British Sign Language Interpreters, assistive technology for blind people and mobility transport all cost money. But the Fund was frozen, put “under review”, in 2015.

That review has not been conducted or completed, and the Fund has not been re-opened. The Fund has now been closed for longer than it was open so we are calling on the Government to restore it with immediate effect.

More United ran a campaign to restore the fund and Lib Dem MPs, including Christine Jardine and Stephen Lloyd, wrote to the Government to tell them of the importance of supporting disabled candidates.

This week, they won a legal challenge and secured the fund for the 2019 elections.

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More United joins Greens and Women’s Equality Party in endorsing Lib Dem Sarah Olney for Richmond Park

More UnitedEarlier this week, More United consulted its members on whether to endorse Liberal Democrat candidate Sarah Olney in the Richmond Park by-election.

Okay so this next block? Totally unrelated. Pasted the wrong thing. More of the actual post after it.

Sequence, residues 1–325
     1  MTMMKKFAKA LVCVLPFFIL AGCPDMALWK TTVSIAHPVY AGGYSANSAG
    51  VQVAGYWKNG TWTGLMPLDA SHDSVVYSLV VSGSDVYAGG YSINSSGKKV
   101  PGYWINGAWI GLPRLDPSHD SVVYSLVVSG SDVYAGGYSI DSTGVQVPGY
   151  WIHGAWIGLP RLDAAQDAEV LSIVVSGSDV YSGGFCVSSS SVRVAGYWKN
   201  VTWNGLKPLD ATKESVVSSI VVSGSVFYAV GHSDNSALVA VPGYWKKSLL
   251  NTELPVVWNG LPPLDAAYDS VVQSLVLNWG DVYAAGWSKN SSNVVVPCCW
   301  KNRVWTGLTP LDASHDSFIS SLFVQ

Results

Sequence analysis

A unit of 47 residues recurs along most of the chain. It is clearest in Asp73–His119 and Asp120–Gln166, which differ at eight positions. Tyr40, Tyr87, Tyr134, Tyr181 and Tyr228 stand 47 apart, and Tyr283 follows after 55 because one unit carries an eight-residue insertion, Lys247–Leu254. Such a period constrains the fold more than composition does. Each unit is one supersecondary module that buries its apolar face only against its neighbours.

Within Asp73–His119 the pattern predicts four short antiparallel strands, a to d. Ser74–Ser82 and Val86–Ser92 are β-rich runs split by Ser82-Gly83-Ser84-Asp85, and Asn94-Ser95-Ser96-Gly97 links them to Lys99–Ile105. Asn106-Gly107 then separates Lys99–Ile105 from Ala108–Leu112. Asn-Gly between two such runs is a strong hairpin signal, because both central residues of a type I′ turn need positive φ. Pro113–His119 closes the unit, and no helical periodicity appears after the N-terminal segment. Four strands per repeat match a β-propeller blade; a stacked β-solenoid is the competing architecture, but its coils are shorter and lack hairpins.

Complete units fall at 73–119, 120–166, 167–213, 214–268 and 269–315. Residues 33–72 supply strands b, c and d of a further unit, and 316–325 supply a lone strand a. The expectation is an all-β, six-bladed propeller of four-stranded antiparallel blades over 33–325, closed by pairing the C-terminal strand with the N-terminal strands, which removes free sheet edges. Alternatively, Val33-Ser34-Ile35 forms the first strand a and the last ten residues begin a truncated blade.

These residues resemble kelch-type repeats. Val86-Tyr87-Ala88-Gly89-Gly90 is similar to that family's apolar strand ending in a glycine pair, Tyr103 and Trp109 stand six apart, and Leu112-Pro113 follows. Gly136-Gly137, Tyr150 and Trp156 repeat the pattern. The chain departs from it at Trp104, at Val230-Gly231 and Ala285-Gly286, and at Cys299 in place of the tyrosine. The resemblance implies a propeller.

The result was pretty conclusive. From More United’s email email to supporters:

The result was overwhelming. 10,000 of you voted, and 96% said we should campaign for Sarah.

We think this is an amazing chance for us to have a real impact on the result of this by-election. Sarah has said she supports our principles and has put opposition to a hard Brexit at the centre of her campaign.

Sarah is facing a tough fight against Zac Goldsmith, but if she wins it will send the Government a clear message that millions of people believe in a more united, less divided Britain.

More United seeks to support candidates who support their five key principles:

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Paddy Ashdown responds to questions to More United

Yesterday Caron Lindsay posed some questions for the More Reunited project. Here is Paddy Ashdown’s reply.

Caron, these are serious and weighty questions and deserve a proper answer.

Please forgive the long posting.

You ask:

How does this work in a First Past the Post system?

If they are going to fund every candidate who signs up to their principles, surely they could end up funding every candidate in a seat. There are some, if few, moderate Tories who could qualify. However, what if the manifesto of the party a candidate is standing for is in direct conflict with this. Someone might back electoral reform but their party probably wouldn’t and in government wouldn’t legislate for it so they would never get the chance to implement it.